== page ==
Enjoy your long weekend, it was hard-earned

1 May

Happy 1st May everyone!

Hope you all enjoy the long weekend. I hope those of you going to the march in central London today have a productive day.

I remember when I was 15 or so I first became aware of May Day. I remember that being the first time that I understood it as International Labour Day rather than just another bank holiday. I remember watching the protest on the news. I wished I could have gone but had no one to go with. I remember watching the march congregate in Trafalgar Square, and then a few hours later I watched the police move in to violently clear the area, bundling people down side streets. It made me so angry.

Since then I’ve been to many May Day marches. Every time the overwhelming feeling is one of anger. Not usually anger directed towards the police, but more at the groups waving pictures of Stalin, or Lenin, or Mao. How do these people come to terms with the histories of these individuals? How do they get to a position of advocating policies, which when previously attempted, caused death on a mass scale, and a slashing of people’s liberty. It makes me sick.

But what are we really commemorating with May Day? Why do Trade Unionists, Socialists, Communists, Anarchists and all other hues of red still turn out in their thousands? What can bring these groups that disagree fiercely with each other (and with good reason) together for a day?

International Labour Day commemorates the Haymarket Massacre in Chicago in 1886. A massive worker’s movement had grown around the fight for the 8 hour working day. Two years earlier, the worker’s organisations declared that they had exhausted all legal means of fighting for their demands and called strike action. The started on 1st May 1886 and was greeted by violence from the government. Government officials had worked together with the businesses effected to pay for more police to be drafted in. On 3rd May police opened fire on a peaceful, unarmed demonstration, killing 4 and injuring more. A rally was called in defiance of police violence. Again the police opened fire killing and injuring many more. The police claimed that a grenade had been thrown from the crowd, killing one of their officers. Following from this, 8 labour leaders were arrested and charged with the death sentence. 4 were hanged in November 1887. 1 committed suicide in prison and the others were pardoned 6 years after the hangings.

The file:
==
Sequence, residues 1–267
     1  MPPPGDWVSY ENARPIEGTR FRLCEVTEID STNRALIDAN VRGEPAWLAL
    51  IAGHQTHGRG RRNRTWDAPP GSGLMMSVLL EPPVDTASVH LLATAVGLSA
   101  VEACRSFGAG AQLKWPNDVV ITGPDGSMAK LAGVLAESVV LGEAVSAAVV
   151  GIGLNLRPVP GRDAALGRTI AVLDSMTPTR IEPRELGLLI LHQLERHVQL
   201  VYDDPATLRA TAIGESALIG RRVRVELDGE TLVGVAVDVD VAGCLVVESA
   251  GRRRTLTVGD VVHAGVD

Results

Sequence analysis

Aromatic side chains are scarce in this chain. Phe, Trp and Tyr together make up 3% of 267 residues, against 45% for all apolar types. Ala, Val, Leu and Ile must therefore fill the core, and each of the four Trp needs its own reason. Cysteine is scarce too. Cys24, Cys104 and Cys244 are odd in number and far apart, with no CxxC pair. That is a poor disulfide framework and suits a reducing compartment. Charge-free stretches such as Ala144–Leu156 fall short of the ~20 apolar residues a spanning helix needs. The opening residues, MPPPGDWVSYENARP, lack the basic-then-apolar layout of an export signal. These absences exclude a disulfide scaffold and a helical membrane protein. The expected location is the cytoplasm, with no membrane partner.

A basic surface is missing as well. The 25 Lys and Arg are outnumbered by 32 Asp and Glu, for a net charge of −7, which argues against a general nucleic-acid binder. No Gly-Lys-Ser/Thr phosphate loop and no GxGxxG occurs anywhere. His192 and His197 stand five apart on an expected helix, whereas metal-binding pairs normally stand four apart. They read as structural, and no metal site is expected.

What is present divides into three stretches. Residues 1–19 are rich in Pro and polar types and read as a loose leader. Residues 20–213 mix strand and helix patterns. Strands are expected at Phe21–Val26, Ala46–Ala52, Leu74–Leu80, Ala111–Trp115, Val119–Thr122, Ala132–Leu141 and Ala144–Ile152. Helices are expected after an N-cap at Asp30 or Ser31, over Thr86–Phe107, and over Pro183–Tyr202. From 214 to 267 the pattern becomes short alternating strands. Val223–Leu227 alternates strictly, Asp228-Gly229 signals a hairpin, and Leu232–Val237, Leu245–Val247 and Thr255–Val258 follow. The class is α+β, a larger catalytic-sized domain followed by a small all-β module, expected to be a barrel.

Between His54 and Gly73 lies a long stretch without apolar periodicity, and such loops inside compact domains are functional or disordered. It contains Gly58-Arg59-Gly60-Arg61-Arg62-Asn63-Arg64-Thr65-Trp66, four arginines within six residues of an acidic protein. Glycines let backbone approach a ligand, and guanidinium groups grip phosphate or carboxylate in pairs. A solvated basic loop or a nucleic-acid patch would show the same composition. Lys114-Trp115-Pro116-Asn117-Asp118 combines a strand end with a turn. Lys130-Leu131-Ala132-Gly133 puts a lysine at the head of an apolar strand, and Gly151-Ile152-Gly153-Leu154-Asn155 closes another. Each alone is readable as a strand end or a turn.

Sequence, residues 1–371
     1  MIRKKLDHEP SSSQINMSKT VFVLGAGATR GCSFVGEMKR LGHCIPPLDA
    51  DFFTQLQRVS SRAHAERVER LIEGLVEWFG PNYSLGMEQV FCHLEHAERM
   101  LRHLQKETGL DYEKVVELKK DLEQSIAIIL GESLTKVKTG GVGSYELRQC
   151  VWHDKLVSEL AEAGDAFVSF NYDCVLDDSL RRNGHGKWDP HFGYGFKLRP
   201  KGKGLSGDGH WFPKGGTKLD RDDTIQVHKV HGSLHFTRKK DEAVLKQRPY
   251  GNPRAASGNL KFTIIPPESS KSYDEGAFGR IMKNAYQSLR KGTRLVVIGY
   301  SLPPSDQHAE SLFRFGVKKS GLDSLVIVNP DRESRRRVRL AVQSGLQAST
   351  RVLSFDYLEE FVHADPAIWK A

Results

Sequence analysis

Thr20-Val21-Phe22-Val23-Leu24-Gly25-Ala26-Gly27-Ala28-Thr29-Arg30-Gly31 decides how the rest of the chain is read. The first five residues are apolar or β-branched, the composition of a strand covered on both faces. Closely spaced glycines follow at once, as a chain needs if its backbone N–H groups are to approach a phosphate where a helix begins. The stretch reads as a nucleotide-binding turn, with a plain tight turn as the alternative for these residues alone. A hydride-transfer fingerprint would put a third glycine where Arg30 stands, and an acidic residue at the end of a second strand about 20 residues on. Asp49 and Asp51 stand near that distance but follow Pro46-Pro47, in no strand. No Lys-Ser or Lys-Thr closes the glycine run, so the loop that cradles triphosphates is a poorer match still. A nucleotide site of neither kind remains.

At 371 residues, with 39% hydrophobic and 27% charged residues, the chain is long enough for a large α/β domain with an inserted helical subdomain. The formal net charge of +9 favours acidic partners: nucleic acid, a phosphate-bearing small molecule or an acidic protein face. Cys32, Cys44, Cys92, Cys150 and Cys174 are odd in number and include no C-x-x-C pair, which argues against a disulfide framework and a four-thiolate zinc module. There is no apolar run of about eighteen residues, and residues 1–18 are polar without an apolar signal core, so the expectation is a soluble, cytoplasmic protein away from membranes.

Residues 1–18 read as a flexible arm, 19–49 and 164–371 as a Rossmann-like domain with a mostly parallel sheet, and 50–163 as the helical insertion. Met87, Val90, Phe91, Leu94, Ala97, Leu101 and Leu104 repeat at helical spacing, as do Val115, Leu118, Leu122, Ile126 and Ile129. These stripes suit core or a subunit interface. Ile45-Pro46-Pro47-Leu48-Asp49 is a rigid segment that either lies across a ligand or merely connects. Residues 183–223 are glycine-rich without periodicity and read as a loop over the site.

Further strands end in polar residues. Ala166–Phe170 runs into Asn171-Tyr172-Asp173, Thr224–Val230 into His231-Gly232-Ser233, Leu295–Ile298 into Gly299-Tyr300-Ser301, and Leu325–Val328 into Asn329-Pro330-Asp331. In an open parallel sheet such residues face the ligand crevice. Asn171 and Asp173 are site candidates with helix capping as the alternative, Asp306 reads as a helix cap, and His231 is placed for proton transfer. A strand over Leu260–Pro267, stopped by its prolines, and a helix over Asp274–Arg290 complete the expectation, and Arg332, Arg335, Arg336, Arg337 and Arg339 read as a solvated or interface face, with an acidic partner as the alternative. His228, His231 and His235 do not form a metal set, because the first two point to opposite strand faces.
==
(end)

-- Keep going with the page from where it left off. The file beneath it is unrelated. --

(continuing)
Labour Day is a commemoration of the bravery, strength and innocence lost within the labour movement, in the ongoing and international fight to end labour exploitation. How much do most of use take the 8 hour day for granted now? Not everyone in the UK has an 8 hour day. And the global fight continues. The National Garment Workers Federation in Bangladesh, for example is fighting on this now. Suma, who was interviewed when she visited the UK on a speaker tour just over a year ago said,

 Many garment workers work for 12 to 14 hours a day, from 8am to 10pm, often for seven days a week to complete an order. Holidays and time off are ignored in many factories. My husband, who also worked at a garment factory, died as a result of a factory fire. I got no maternity leave during my pregnancy, no compensation for the death of my husband. I didn’t even get medical leave while suffering from jaundice. My pay is so meagre that I cannot afford to keep my child with me – she lives with my mother in a village.

So don’t forget this weekend, that people fought and died for us to work no more than 8 hours a day. They fought for sick pay, they fought for holiday pay, they fought for fair wages. And when there’s a strike that disrupts you, remember, you might not have had to participate in one yourself but you have certainly reaped the benefits.

Enjoy your long weekend. It was hard-earned!


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